Teen pregnancy 'progress' cited as rate climbs Mayor disbands advisory council


Baltimore Mayor Kurt L. Schmoke's Advisory Council on Adolescent Pregnancy went out of business last week, with a small private luncheon at City Hall and thanks from the mayor.

But Mr. Schmoke acknowledged that most of the program the council recommended in a 77-page report will not be started for lack of money. His Advisory Council on Adolescent Pregnancy was disbanded, he added, because "its work is over."

"They developed the policy," he said. "We've moved now from policy development to the implementation phase."

He said that the implementation phase will not happen soon. "Implementation takes money," he said. "It does not help when you have budget cuts."

The first page of the council's study declares that "soon after taking office, Mayor Kurt L. Schmoke announced that the prevention of adolescent pregnancy would be one of the major priorities of his administration."

In brief comments at last week's luncheon, Mr. Schmoke congratulated council members, saying, "We think that progress has been made. To make even modest progress in this area is a real tribute."

But progress is hard to detect -- and seems to depend on how various numbers are interpreted.

Despite the work of the mayor's council and other government and private groups with the same mission, birth rates for adolescent girls continue to climb.

Between 1980 and 1990, the birth rate rose precipitously among teen-age girls in Baltimore, state health department statistics show.

In 1980, there were 59.7 births for every 1,000 girls of ages 15 to 17 in the city. In 1990, that number had risen to 96.6. Among girls 10 to 14, there were 3.8 births for every 1,000 girls in 1980. In 1990, the birth rate had reached 5.7 per 1,000.

Mr. Schmoke, however, said he believes the rates, though they continue to rise, are not climbing so quickly. That, he said, is progress.

And he cited a different statistic. He noted that there has been "a modest decline" in births to teen-agers over those 10 years. He called that "a hopeful sign."

But state statisticians say that the drop in the number of births occurred simply because Baltimore, with its shrinking population, is home to fewer teen-agers now than in 1980.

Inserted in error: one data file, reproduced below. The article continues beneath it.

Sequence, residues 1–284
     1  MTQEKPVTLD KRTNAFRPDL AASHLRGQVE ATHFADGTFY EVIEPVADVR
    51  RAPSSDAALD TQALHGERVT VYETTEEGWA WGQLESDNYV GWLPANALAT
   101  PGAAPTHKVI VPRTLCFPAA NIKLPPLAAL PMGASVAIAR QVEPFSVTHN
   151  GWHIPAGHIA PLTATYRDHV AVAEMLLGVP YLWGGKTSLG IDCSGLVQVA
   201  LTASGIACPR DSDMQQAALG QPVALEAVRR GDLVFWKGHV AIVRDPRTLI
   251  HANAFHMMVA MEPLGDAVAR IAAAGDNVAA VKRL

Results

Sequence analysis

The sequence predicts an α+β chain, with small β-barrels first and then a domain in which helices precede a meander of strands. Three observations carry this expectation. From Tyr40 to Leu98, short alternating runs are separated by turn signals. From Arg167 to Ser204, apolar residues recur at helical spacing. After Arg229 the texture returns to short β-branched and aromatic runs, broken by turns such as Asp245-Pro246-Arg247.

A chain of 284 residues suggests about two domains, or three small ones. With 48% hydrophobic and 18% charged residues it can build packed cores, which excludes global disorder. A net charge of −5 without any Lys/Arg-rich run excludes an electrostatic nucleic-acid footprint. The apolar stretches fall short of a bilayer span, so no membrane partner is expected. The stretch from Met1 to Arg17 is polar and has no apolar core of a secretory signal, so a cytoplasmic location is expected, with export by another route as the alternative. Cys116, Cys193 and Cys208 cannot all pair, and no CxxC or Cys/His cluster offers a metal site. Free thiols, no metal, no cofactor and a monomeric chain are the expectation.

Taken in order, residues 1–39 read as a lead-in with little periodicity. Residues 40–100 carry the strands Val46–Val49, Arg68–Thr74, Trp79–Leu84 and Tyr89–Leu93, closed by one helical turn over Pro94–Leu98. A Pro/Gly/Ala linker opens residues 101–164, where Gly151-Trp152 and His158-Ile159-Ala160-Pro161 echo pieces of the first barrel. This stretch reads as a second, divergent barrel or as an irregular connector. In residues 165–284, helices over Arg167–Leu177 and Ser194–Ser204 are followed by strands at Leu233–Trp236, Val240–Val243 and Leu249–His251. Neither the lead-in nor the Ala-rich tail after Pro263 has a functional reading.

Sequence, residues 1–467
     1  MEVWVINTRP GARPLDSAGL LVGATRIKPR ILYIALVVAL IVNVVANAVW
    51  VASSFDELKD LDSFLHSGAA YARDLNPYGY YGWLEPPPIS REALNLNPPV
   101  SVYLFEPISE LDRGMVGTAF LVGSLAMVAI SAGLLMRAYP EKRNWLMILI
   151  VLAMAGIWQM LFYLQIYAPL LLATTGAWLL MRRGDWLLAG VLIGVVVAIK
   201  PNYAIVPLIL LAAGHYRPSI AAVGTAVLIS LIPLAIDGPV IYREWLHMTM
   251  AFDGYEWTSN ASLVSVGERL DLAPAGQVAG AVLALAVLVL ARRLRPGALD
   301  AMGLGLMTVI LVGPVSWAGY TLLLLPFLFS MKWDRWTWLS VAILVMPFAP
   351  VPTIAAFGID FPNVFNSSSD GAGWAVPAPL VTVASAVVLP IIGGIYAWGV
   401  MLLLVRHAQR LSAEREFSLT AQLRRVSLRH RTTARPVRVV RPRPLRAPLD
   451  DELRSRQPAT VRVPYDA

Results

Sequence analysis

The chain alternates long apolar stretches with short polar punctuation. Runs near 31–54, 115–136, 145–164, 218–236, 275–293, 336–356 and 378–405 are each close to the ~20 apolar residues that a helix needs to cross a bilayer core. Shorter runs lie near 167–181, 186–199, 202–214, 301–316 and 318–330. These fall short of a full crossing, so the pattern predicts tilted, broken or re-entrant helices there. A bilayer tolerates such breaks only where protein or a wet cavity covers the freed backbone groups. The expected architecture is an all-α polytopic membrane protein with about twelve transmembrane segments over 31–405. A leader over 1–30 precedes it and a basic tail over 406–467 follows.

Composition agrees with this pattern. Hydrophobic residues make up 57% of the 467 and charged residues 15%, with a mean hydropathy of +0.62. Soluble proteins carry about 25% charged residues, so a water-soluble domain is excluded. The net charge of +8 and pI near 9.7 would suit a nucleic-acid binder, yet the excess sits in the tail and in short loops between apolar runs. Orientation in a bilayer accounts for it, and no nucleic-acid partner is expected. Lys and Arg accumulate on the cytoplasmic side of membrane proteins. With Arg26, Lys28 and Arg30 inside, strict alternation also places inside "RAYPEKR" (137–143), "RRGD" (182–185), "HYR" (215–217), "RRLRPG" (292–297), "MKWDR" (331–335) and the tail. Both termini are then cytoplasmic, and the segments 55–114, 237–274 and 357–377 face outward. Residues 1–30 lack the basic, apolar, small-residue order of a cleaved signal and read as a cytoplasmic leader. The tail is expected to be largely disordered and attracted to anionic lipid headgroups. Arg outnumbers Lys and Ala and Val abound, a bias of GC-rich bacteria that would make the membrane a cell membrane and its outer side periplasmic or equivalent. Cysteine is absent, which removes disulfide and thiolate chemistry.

"I'm just saying there are signs of progress," Mr. Schmoke said.

The Mayor's Advisory Council on Adolescent Pregnancy was created in June 1988. Its report, completed 15 months ago, is meant to be an "action plan" for reducing the rate of births to city teen-agers.

The group came up with 28 recommendations, but in the report highlighted five meant to reach girls, boys, dropouts, students and adolescents who were sexually active as well as those who were not.

The recommendations include strengthening school health studies in an effort to promote sexual abstinence and mentoring programs to help adults increase children's self-esteem.

The five programs were meant to be a cornerstone for the attack on the problem. But 15 months later, Mayor Schmoke acknowledged that only parts of the five are in place -- some in schools, some in volunteer programs, some in clinics.

At the Abell Foundation, Deirdre Smith, who monitors issues such as adolescent pregnancy, said "small-scale initiatives" are not enough. City Hall must adopt "a citywide strategy" for dealing with the problem.

"Much more needs to be done, and the rates back that up," she said. "For more than a decade, our adolescent pregnancy rates have been unacceptably high -- among the highest in the nation. They are higher now than they were 10 years ago. Even though the rates have slowed down in some categories, they're still unacceptable."

"In terms of the money," she continued, "our recommendation is that the money is not going to appear out of nowhere. It's going to take a lot of work and support. It's going to take a focus by the administration."

The Abell Foundation, which is involved in many city-related issues, was represented on the advisory group by Robert C. Embry Jr.

Rita Kerrick, director of the Office of Adolescent Pregnancy Prevention and Coordination in the Baltimore Health Department, said her office's biggest contribution has been "creating a network" with groups involved in the issue.

Her office includes three people -- Ms. Kerrick, an assistant and a secretary. She has no independent budget, depending on the health department for special projects. She relies on the Governor's Council on Adolescent Pregnancy , a group with a larger staff and budget, for help.

Ms. Kerrick said that a shortage of money, as well as a reorganization of the public schools administration, has slowed the city's work. Providing more after-school programs for teen-agers, for instance, is "probably the one we're having the most difficulty with in terms of implementing, because the school system is in the process of restructuring."

"Even though the advisory council itself is not in business [anymore], I think we formed a good network," she said. "It's not a matter of throwing up my hands and saying, 'well, I've got no money.' "

Like Mayor Schmoke, she cites statistics showing fewer births to teen-agers, opting to use actual births rather than birth-rates per 1,000 women as an indicator of how the city situation is changing.

"I think they're looking at it backward," she said, referring to those who believe little has changed in terms of teen pregnancy. "They're looking [from the view that] the glass is half empty instead of the glass is half full. I would still point to the fact that numerically we had a decrease."

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